Title

Risk Factors Associated With 90-Day Readmissions After Degenerative Lumbar Fusion: An Examination of the Michigan Spine Surgery Improvement Collaborative (MSSIC) Registry.

Document Type

Article

Publication Date

9-1-2019

Publication Title

Neurosurgery

Abstract

BACKGROUND: Most studies have evaluated 30-d readmissions after lumbar fusion surgery. Evaluation of the 90-d period, however, allows a more comprehensive assessment of factors associated with readmission.

OBJECTIVE: To assess the reasons and risk factors for 90-d readmissions after lumbar fusion surgery.

METHODS: The Michigan Spine Surgery Improvement Collaborative (MSSIC) registry is a prospective, multicenter, and spine-specific database of patients surgically treated for degenerative disease. MSSIC data were retrospectively analyzed for causes of readmission, and independent risk factors impacting readmission were found by multivariate logistic regression.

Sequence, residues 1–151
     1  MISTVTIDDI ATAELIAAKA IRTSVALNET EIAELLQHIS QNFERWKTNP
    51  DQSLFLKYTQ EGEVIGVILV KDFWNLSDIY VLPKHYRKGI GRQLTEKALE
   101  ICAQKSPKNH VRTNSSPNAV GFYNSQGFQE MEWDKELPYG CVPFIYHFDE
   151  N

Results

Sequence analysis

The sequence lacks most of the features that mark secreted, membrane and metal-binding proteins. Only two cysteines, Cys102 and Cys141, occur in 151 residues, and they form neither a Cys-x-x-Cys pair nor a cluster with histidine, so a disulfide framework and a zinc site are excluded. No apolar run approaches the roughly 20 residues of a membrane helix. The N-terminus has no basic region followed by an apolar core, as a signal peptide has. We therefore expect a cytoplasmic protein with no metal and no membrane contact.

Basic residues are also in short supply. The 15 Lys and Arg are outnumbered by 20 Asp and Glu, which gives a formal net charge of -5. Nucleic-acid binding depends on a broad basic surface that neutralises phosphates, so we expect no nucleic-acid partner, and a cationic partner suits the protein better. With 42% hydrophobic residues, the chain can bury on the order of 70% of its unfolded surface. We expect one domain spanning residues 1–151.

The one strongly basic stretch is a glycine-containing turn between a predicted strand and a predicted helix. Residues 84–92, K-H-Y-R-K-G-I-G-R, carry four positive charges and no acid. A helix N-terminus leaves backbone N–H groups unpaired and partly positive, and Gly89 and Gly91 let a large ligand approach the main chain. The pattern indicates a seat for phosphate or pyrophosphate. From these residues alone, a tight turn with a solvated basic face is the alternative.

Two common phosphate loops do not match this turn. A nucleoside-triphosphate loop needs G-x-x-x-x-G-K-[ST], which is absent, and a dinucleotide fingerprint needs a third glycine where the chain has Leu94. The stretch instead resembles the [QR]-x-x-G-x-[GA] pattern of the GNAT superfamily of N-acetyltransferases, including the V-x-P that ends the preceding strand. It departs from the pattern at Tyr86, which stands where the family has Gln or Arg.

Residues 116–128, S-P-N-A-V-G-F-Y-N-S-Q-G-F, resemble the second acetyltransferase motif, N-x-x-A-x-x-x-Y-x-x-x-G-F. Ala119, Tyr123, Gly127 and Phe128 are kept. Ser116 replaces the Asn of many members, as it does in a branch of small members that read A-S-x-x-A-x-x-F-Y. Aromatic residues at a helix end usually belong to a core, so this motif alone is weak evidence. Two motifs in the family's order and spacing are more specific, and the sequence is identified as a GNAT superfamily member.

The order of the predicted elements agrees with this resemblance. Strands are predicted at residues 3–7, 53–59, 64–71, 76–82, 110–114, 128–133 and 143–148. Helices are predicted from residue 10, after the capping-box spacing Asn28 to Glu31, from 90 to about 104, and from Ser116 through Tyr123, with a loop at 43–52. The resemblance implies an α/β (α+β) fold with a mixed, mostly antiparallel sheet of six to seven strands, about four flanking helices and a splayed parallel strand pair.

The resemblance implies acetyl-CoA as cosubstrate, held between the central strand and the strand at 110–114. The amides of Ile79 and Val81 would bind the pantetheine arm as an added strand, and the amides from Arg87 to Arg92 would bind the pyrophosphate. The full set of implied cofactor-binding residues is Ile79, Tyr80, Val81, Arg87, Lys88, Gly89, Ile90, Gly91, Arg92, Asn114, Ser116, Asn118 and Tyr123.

RESULTS: Of 10 204 patients who underwent lumbar fusion, 915 (9.0%) were readmitted within 90 d, most commonly for pain (17%), surgical site infection (16%), and radicular symptoms (10%). Risk factors associated with increased likelihood of readmission were other race (odds ratio [OR] 1.81, confidence interval [CI] 1.22-2.69), coronary artery disease (OR 1.57, CI 1.25-1.96), ≥4 fused levels (OR 1.41, CI 1.06-1.88), diabetes (OR 1.34, CI 1.10-1.63), and surgery length (OR 1.09, CI 1.03-1.16). Factors associated with decreased risk were discharge to home (OR 0.63, CI 0.51-0.78), private insurance (OR 0.79, CI 0.65-0.97), ambulation same day of surgery (OR 0.81, CI 0.67-0.97), and spondylolisthesis diagnosis (OR 0.82, CI 0.68-0.97). Of those readmitted, 385 (42.1%) patients underwent another surgery.

CONCLUSION: Ninety-day readmission occurred in 9.0% of patients, mainly for pain, wound infection, and radicular symptoms. Increased focus on postoperative pain may decrease readmissions. Among factors impacting the likelihood of 90-d readmission, early postoperative ambulation may be most easily modifiable. Optimization of preexisting medical conditions could also potentially decrease readmission risk.

PubMed ID

30113686

Volume

85

Issue

3

First Page

402

Last Page

408

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